It was on 30th May 1905, a beautiful spring day, much too warm for the time of year. In Central Europe, the thermometer had topped the 25 °C mark considerably and the only place where there was even a slight chance of rain was near the coast. The troops of the Ottoman Empire were battling hard with those of the Kingdom of Montenegro and Albert Einstein was looking forward to the publication of his special relativity theory in Switzerland. In the spa of Bad Tölz, the architecture student Alfred Heurich went to the River Isar for the maiden voyage of what he called his “Luftikus”.
In German, the word “Luftikus” makes one think more of an inflated car tyre than of a boat, particularly since it wasn’t even recognisable as such to start with. Then, however, Heurich took a large piece of waterproof sailcloth from his rucksack and pulled a number of bamboo rods out of a narrow container that was a man’s height. The architecture student made a skeletal framework out of the rods and stretched the sailcloth over them.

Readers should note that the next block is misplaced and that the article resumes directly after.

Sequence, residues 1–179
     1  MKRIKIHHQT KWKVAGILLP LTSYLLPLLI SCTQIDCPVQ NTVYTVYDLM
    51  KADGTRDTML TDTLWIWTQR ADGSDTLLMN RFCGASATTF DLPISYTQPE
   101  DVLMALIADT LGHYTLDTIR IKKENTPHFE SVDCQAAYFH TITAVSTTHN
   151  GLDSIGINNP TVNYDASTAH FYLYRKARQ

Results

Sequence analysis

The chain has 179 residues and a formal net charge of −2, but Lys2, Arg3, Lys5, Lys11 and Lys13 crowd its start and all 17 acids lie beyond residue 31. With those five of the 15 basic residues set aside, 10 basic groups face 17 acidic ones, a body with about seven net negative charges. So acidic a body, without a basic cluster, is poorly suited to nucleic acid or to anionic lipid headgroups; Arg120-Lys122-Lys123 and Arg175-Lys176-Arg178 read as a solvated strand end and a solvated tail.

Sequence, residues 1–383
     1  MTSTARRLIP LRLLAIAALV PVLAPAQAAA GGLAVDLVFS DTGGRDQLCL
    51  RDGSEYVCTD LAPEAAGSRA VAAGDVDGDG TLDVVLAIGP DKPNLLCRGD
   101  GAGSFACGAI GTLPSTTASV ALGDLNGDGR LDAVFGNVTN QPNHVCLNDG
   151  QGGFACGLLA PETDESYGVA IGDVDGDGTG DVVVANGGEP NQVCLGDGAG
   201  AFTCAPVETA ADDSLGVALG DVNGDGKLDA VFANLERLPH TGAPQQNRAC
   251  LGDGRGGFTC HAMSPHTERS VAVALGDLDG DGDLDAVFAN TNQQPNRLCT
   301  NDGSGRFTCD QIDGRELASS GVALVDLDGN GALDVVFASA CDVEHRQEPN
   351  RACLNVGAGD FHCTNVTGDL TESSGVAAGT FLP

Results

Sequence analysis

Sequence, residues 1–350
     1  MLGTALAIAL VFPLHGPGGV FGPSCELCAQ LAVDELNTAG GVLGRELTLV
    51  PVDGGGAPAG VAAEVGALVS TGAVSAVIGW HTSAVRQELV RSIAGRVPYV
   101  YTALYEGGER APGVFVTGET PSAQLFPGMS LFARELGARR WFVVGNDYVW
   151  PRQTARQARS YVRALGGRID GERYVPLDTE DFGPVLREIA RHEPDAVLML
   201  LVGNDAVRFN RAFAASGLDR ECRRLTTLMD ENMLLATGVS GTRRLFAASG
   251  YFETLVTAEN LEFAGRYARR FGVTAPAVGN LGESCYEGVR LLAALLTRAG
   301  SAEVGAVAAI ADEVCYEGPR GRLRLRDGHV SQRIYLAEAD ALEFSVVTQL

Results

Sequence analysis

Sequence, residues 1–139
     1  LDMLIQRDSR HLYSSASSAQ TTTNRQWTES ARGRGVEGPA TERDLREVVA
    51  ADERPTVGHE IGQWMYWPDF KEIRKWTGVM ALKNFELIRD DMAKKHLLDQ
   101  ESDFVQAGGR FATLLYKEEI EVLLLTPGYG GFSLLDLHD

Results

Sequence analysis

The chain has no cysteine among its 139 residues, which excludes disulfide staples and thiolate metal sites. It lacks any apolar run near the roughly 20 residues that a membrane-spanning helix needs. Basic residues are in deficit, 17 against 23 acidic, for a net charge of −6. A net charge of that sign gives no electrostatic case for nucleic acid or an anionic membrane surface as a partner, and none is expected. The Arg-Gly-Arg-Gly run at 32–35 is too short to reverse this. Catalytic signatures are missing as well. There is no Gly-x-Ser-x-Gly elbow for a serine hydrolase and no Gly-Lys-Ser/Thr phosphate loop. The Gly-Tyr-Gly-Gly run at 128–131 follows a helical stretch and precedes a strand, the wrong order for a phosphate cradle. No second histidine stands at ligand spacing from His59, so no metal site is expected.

Heurich had finished everything that needed to be done within a good quarter of an hour. With some trepidation, he went down to the water and pushed the four-and-a-half-metre-long, folding boat that resembled an Eskimo kayak off the shore, getting into the open hull of the boat at the same time. And it floated rather than sinking. Delighted about this tremendous initial success, Heurich set off for Munich on the river, reaching the city 50 kilometres away after paddling for five hours. He described his memories of this trip as follows later on: “The trip on the Isar – where the water was high – was a very risky undertaking. I was in serious danger three times, but got out of the situations each time by keeping cool and making quick and determined decisions”.